How are Heart Diseases Diagnosed?

Heart disease diagnostic tests may differ depending on the signs and symptoms the person is experiencing. Heart specialists use a combination of diagnostic methods to accurately diagnose heart diseases, assess their severity, and determine the best course of treatment for patients. Some of the diagnostic tests are as follows: 

Clinical Evaluation

  • Medical history
  • Family history of heart disease
  • Assessment of symptoms 
  • Previous medical conditions 

Physical Examination

  • Listening to heart sounds
  • Checking blood pressure and pulse
  • Assessment of signs of heart failure (swelling in the legs, jugular venous distention, etc.)

Diagnostic Tests

  • Electrocardiogram (ECG or EKG) to measure electrical activity
  • Echocardiogram uses ultrasound waves to create images of the heart
  • Stress tests
  • Blood tests using Troponin, BNP or NT-proBNP,  Cholesterol and lipid profile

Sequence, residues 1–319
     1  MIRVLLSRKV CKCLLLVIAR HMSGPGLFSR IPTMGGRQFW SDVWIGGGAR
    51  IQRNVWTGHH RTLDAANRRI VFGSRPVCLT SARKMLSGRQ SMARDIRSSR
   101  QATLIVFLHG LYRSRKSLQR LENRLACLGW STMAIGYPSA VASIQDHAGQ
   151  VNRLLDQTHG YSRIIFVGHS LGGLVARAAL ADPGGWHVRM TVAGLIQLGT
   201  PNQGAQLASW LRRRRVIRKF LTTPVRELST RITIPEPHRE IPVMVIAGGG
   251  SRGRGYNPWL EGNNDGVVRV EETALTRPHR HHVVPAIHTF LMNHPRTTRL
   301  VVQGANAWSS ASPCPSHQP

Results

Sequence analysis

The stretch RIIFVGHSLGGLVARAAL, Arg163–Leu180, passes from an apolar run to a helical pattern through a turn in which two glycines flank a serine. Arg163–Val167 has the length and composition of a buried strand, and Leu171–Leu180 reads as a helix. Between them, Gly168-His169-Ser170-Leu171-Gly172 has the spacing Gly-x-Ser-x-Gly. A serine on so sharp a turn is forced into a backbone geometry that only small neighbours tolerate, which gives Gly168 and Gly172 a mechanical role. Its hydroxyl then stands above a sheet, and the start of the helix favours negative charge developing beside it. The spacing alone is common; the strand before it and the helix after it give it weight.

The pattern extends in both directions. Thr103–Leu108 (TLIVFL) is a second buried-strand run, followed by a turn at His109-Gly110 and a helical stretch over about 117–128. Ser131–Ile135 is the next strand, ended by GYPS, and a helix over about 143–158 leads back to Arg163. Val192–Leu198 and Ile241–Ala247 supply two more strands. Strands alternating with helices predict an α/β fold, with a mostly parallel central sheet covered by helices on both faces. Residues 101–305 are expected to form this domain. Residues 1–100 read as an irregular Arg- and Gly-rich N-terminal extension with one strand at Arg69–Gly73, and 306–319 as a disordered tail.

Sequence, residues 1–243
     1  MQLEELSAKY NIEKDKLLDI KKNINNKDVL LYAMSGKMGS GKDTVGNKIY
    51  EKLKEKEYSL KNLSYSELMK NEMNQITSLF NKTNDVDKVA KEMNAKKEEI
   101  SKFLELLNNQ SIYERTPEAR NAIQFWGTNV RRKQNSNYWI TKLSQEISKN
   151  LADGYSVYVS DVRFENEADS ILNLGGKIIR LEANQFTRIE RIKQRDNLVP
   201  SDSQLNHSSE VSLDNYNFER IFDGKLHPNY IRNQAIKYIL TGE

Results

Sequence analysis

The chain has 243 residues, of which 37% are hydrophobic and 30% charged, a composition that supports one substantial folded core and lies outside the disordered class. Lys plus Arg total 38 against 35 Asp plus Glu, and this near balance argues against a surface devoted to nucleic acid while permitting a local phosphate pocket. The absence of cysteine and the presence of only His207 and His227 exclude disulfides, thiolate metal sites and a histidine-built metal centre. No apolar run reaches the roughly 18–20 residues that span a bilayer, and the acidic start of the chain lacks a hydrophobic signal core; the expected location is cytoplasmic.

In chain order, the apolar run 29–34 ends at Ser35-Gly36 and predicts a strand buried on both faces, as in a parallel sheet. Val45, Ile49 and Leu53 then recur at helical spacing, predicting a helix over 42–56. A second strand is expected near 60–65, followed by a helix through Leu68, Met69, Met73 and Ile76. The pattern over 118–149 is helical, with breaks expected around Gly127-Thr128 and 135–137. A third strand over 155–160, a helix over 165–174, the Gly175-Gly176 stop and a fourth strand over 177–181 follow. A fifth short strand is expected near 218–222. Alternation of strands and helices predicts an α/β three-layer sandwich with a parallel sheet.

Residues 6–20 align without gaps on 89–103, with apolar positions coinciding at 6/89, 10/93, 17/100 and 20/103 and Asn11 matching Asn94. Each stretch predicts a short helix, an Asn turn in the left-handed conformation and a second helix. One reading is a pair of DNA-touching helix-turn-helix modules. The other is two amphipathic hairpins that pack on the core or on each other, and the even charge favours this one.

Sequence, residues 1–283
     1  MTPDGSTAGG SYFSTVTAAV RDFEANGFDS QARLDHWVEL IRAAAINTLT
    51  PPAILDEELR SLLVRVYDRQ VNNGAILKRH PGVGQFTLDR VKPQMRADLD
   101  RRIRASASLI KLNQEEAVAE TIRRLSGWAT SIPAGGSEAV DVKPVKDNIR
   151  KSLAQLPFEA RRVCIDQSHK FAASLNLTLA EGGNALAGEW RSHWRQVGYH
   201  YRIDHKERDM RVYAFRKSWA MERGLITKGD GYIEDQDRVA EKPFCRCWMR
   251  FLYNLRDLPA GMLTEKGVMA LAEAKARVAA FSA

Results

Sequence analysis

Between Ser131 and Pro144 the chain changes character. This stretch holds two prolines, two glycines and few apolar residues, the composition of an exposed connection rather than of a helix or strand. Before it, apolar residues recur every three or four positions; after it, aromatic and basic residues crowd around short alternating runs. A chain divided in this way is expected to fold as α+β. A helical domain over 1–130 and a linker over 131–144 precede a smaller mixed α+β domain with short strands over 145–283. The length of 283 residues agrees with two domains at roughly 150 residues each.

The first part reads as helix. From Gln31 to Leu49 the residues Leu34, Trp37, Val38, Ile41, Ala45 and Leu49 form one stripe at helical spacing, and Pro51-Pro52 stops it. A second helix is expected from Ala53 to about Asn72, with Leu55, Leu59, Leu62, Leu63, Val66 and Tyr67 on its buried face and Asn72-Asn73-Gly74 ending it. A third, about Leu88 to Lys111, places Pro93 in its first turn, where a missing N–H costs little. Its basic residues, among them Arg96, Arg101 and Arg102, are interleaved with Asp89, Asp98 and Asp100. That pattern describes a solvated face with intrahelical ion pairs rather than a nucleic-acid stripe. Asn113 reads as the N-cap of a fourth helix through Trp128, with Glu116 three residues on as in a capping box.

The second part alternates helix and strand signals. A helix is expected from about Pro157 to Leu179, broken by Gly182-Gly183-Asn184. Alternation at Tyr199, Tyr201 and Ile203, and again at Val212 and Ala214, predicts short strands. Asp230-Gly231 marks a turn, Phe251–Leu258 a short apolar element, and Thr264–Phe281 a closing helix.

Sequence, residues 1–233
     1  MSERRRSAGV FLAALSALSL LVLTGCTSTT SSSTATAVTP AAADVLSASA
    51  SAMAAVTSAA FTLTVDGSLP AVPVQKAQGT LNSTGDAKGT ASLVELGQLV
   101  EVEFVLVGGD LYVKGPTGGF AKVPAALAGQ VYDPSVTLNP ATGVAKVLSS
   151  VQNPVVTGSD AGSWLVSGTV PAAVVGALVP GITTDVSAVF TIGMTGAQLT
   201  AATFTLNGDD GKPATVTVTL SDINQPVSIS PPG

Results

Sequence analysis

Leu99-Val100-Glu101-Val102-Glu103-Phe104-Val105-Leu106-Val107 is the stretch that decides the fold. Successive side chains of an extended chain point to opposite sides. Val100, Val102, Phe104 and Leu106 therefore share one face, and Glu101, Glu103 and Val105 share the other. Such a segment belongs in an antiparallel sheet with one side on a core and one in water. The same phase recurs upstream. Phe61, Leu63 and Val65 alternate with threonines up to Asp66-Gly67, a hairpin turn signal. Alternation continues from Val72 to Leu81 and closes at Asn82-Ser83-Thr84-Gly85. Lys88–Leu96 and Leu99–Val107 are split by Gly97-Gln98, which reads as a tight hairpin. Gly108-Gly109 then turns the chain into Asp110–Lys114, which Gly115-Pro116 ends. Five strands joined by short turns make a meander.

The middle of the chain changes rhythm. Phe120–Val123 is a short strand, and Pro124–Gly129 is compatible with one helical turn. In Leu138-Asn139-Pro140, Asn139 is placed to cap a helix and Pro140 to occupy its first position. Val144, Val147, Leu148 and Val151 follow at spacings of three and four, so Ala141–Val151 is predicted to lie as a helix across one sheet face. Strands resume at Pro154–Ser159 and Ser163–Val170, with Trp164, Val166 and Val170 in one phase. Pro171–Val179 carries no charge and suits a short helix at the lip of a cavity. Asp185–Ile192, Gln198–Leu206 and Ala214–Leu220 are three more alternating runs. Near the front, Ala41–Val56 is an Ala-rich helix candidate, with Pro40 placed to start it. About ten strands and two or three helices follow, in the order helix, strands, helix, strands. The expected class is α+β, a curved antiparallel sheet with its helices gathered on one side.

Imaging Studies

  • Chest X-ray
  • Cardiac CT scan
  • Cardiac MRI
  • Nuclear Cardiology

Invasive Procedures

  • Coronary angiography
  • Cardiac catheterization
  • Electrophysiology study (EPS)

Specialized Tests

  • Holter monitor
  • Event monitor
  • Tilt table test

What are the Signs and Symptoms of Heart Disease?  

Different symptoms may indicate heart disease in different individuals. Some of the heart conditions may cause no symptoms in persons. The common signs and symptoms of heart disease may include: 

  • Shortness of breath
  • Sweating
  • Racing heartbeat
  • Dizziness/ lightheadedness
  • Unconsciousness
  • Heaviness or discomfort in the chest
  • Neck pain
  • Heartburn or ingestion
  • Exhaustion
  • Difficulty sleeping
  • Problem in working out
  • Fever
  • a choking sensation

Early Signs of Heart Disease

Early signs of heart disease are: 

  • Chest pain 
  • Swelling in legs
  • Fatigue